Tuesday, December 29, 2009

Google Books : Google is sued by Chinese author Mian Mian, China's Literary Wild Child : Sex Drugs Rock & Roll

Everybody is now getting into the act of suing search engines for including scanned excerpts of their books in search results. See, for example:

BBC News - Google is sued by Chinese author Mian Mian

My own book, Stars, Stones and Scholars is found at Google Books and I am very pleased about it, since it makes that book much more accessible to millions of potential readers. Indeed, links are offered to major online booksellers where the book can be purchased. Below is a scan of the front cover website page at Google Books of Stars Stones and Scholars by Andis Kaulins:


People who are interested in the book's amazing subject matter buy the book.

Sunday, October 11, 2009

First European Prize for Literature Awarded in 2009 to Authors From 12 Countries - 23 to Follow in 2010 and 2011

The first European Prize for Literature, "[a] European Prize for emerging talents in the field of contemporary fiction", was awarded September 28, 2009, to 12 authors from 12 European countries - with 12 more authors from 12 other European countries to be selected in 2010, and 11 more authors from the remaining 11 other European countries to be selected in 2011. The announcing press release stated:
"The names of twelve European authors to receive the first ever European Union Prize for Literature were announced today by the European Commission, the European Booksellers Federation (EBF), the European Writers' Council (EWC) and the Federation of European Publishers (FEP).... In recognition of his oeuvre and literary success Henning Mankell, the well-known and bestselling Swedish author, has accepted the role of Ambassador of the European Union Prize for Literature for this year." [links added by this blog]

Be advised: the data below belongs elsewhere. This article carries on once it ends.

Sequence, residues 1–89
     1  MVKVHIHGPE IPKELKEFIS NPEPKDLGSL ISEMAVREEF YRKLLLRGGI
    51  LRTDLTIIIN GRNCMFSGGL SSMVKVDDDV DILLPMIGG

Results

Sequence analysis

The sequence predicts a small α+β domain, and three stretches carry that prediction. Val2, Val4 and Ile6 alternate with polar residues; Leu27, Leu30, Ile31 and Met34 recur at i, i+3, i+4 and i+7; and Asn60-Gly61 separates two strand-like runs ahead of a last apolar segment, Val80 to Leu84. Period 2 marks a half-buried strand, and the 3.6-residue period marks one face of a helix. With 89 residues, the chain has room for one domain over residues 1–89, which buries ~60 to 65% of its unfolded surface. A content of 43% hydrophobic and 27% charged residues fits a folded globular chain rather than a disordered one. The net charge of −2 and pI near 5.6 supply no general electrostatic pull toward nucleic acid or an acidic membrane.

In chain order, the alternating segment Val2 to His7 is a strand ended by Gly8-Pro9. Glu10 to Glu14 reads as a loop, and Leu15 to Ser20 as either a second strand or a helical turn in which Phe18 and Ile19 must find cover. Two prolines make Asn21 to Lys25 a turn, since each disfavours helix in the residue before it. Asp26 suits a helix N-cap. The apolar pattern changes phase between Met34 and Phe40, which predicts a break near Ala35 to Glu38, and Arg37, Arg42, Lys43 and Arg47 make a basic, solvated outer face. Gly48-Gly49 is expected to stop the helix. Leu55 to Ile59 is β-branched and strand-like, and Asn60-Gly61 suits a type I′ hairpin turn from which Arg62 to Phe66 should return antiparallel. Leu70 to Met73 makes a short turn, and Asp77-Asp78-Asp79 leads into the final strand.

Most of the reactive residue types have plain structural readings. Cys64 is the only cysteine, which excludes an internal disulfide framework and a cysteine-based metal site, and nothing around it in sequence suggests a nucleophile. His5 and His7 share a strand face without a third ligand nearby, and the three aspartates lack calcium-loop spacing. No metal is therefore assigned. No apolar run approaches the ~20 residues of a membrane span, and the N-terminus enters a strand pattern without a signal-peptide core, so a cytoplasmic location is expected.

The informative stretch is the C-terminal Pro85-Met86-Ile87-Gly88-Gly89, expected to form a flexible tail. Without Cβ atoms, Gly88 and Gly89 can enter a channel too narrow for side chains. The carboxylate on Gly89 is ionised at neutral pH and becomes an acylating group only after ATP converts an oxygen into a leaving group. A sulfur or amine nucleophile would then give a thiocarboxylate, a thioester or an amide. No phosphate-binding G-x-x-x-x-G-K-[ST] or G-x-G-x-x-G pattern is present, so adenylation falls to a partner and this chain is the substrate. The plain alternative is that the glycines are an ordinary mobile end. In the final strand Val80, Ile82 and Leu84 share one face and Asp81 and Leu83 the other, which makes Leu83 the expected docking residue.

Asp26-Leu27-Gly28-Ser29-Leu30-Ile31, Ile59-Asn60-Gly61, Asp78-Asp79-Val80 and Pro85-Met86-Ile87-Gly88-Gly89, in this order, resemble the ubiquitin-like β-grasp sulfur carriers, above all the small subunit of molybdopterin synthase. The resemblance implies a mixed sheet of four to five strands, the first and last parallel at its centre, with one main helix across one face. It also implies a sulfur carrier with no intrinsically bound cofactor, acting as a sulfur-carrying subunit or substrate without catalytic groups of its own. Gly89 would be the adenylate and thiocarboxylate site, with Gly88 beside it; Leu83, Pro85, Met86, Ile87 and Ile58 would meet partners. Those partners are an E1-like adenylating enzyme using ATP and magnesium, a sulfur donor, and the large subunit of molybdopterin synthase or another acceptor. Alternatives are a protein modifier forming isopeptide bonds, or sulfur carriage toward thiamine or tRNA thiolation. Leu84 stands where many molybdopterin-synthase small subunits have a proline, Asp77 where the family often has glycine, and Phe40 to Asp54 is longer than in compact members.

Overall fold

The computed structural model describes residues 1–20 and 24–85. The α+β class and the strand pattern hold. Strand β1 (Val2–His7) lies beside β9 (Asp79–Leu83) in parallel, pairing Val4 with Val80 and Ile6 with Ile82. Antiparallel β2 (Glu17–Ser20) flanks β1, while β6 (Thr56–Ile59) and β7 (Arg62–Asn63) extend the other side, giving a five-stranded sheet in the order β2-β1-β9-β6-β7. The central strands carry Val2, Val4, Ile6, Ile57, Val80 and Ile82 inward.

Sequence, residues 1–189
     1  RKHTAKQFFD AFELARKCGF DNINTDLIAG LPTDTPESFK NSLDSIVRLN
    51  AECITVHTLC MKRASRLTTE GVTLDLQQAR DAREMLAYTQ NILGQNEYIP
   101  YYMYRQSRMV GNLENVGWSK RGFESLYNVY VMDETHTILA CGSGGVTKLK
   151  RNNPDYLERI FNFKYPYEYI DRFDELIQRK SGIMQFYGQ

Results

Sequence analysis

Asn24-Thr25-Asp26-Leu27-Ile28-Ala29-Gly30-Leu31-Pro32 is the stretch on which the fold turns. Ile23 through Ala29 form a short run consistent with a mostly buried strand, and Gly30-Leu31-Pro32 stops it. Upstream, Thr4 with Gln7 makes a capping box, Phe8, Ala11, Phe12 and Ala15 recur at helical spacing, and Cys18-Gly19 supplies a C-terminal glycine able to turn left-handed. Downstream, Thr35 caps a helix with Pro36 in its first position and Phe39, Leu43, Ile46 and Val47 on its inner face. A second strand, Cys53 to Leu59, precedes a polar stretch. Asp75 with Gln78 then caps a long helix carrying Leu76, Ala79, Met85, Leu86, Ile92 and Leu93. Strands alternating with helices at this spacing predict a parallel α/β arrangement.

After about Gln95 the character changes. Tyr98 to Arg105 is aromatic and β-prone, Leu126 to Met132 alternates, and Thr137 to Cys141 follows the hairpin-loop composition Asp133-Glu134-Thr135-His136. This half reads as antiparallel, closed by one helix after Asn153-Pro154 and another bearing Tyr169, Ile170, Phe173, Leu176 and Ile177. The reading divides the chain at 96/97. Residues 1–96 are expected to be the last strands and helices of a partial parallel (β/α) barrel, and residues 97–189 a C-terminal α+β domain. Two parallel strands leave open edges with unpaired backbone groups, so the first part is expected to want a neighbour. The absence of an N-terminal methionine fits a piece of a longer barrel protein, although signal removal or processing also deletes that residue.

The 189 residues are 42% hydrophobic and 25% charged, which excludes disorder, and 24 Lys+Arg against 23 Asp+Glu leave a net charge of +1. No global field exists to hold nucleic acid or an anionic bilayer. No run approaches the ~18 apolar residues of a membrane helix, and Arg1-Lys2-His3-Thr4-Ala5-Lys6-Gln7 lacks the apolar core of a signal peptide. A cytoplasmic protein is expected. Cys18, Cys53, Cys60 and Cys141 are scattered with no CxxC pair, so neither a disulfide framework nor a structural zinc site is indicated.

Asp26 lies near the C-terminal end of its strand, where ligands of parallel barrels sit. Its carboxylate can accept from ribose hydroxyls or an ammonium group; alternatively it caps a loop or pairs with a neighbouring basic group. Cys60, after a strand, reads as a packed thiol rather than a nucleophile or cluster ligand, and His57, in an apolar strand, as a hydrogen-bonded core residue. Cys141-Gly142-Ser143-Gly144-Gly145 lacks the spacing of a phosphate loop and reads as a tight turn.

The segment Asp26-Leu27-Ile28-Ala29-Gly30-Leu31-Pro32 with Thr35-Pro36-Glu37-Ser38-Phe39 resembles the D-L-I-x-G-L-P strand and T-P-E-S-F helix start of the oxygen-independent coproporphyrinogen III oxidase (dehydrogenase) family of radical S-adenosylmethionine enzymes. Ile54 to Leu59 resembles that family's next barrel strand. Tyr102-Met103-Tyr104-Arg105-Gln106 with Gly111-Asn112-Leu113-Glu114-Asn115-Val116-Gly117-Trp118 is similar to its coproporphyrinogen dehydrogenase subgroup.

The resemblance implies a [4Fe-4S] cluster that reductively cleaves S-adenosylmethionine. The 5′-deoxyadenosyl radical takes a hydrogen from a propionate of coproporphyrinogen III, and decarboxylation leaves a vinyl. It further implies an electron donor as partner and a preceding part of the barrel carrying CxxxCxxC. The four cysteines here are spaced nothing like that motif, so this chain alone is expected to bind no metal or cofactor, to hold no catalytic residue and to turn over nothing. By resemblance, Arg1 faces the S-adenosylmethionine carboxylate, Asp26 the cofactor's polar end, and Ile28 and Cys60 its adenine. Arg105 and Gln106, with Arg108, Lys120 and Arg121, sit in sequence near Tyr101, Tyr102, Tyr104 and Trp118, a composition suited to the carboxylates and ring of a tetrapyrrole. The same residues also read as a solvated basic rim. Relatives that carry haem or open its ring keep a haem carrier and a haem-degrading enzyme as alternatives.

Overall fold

The idea, at the onset of this award, is for the prize to work as a medium of activation for European culture and to "highlight and promote the full diversity of European literature." After each European country has been honored at least once, the award is likely to be reduced to only a few authors, but from our point of view we definitely find the current process to be far more favorable. Very few books, in spite of their literary quality, span all cultures, so that a limited award necessarily involves national prejudices as to content, style and language.

For example, a universally-acclaimed book - not eligible for this award -like the 1995 Der Vorleser (The Reader) by German law professor and judge Bernhard Schlink is very rare. It was the first German book ever to reach the top of the New York Times Best-Seller Lists and last year the book was even made into a very successful Hollywood movie - The Reader. But most fiction is limited by the audience of the nation in which the author is located.

This European literary award was presented at a gala ceremony in Brussels, Belgium, attended by ca. 800 dignitaries, including European Commission President Jose Manuel Barroso.

The works that received the prize are detailed at this .pdf.

Hat tip to Leigh Phillips at the EU Observer.

Tuesday, March 31, 2009

Novelists Ken Follett, J.K. Rowling, Nick Hornby, and John Grisham : Scribd and the Issue of Copyrights and the Uploading of Book Texts Online

Scribd is becoming a force to be reckoned with on the Internet.

At ScribdBlog in their posting What ever happened to Fact Checking?, the Scribd Team goes one on one with the Times of London on copyright issues relating to Scribd, involving such famous novelists as J.K. Rowling, Ken Follett, Nick Hornby and John Grisham, who has the current Number 3 Bestseller on the New York Times list of hardcover fiction with his book, of all things, called The Associate, which Patrick Anderson of the The Washington Post calls "A DEVASTATING PORTRAIT OF THE BIG-TIME, BIG-BUCKS LEGAL WORLD."